No Woman (Has been presently rebuked): In the ancient times, women had no permission to wear the Mongkol headband as it was believed to bring them bad luck.
Of course, with time and proper literacy various Muay Thai schools ditched the illogical idea and encouraged female participants to adorn their heads with the headband to portray their respect.
No Touching the Ground: It is believed that the Mongkol must never touch the ground. Its purity and good luck can perish once it is close to the floor, or even touches. Hence, you will only find the headbands held high on hooks, away from the ground.
No Self-Adorning: A fighter must never wear the Mongkol by themselves. This is the responsibility solely of their designated coach.
The coach has the power to adorn the Mongkol, keep it safe during combat, and store it away for future fights.
Rules while Entering the Ring: While entering the ring, fighters’ heads are near to the ground. Hence, schools have a certain rule set to prevent such mishaps.
You will see men entering the ring from the above the top rope. Doing so protects their Mongkol from tipping over thanks to the rope-ring.
And for women, the rules vary. A female fighter can either crawl in from under the bottom rope or wear it after entering the combat ring.
Why Wear the Mongkol: Varied Perspectives
In present times, fighters have varied take on wearing the Mongkol. While you will find multiple Nak Muay following the ancient tradition, you might also come across fighters who do not wish to support such superstitions.
For example, Muslim fighters only wear Mongkol after covering their head with a cloth known as Keffiyeh.
You will also come across Muay Thai boxers from Cambodia or even Myanmar who do not follow the Mongkol-wearing ceremony before combat.
The reasons can be both religious and personal. However, the reason to wear it is purely for defense and faith. And while various religious sentiments follow principles of arm and headbands for safety, the Thai principle-based itself on something entirely different.
The Thai army believed in keeping their loved one’s memories close as good luck. It was their urge to be safe, have the courage, and stay strong.
A Nak Muay now can choose to wear it or to keep it away. However, the initial intentions or sentiments that the Mongkol carried depended entirely on the concept of magic charm.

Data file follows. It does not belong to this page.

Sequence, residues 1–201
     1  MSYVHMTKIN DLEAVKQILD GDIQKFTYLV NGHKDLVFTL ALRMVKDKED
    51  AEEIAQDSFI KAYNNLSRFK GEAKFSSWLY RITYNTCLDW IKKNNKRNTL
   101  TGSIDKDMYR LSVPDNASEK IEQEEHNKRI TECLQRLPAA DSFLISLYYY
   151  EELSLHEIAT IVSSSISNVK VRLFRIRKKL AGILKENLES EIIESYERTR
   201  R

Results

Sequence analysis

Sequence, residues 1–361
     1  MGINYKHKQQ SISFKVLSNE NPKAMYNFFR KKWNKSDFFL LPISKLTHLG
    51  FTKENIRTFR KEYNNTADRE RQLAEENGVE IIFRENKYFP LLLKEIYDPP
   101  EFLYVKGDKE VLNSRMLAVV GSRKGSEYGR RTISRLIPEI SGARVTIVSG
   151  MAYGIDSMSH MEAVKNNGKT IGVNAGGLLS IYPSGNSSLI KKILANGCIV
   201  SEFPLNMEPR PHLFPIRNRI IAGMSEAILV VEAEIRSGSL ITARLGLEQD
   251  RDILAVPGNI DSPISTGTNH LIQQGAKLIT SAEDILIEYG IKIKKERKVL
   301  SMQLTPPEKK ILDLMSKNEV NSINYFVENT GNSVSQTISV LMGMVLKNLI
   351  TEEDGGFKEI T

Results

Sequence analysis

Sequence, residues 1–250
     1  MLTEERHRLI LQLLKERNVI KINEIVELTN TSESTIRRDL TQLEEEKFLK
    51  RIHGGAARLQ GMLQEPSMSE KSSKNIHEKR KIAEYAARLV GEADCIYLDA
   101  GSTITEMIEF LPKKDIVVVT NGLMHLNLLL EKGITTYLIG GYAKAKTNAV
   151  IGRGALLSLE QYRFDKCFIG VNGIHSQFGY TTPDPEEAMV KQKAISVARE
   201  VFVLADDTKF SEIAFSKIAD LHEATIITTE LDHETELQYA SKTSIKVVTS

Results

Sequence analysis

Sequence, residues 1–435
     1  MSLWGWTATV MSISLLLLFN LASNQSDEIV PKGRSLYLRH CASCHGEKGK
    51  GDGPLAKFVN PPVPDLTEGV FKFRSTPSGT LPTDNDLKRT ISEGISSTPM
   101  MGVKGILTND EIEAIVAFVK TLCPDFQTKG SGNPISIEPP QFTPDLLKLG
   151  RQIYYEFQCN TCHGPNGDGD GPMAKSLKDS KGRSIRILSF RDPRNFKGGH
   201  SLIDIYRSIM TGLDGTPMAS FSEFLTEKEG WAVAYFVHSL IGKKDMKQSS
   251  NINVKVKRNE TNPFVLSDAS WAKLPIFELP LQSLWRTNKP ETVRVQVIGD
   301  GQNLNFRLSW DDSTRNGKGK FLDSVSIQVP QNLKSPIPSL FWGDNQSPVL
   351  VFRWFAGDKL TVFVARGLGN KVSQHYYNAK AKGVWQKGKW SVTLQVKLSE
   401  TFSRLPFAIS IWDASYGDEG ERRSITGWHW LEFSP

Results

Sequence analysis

Of course, a Nak Muay does not follow the Thai Army’s method of wearing it to battle. Instead, it is worn mainly for the Wai Kru ceremony right before the combat. The reason could well be to prevent the headband from touching the ground.
The Thai tradition encouraged similar beliefs to that of retaining courage and safety during combat. Although the superstitions refute the sentiments, it is up to the fighter to follow the rules.
How to Wear The Mongkol
The Mongkol adorning ceremony is a complete process where the coach takes the responsibility of adorning the Nak Muay’s head.
The rules are simple and when followed through, can lead to combat.
Each school has one Mongkol which the coach secures for the right fighter for the ring.
The steps are as follows:
- Before the fighter enters the ring, the coach places the Mongkol over the latter’s head.
- The fighter then goes on to commence the Wai Kru ceremonial dance to mark respect to the martial art combat.
- After the ceremony is over, the Nak Muay proceeds to return to their ring corner, where their coach removes the ring from their head while chanting the last prayer before the combat.
- The coach then proceeds to hang the headband so it can provide the luck and safety its wearer needs during the fight.
The Mongkol signified loyalty, faith, and respect. While the ceremony seems to be longer than a fight, it is to portray the dedication and hard work each player puts into getting their worth for ring-combats.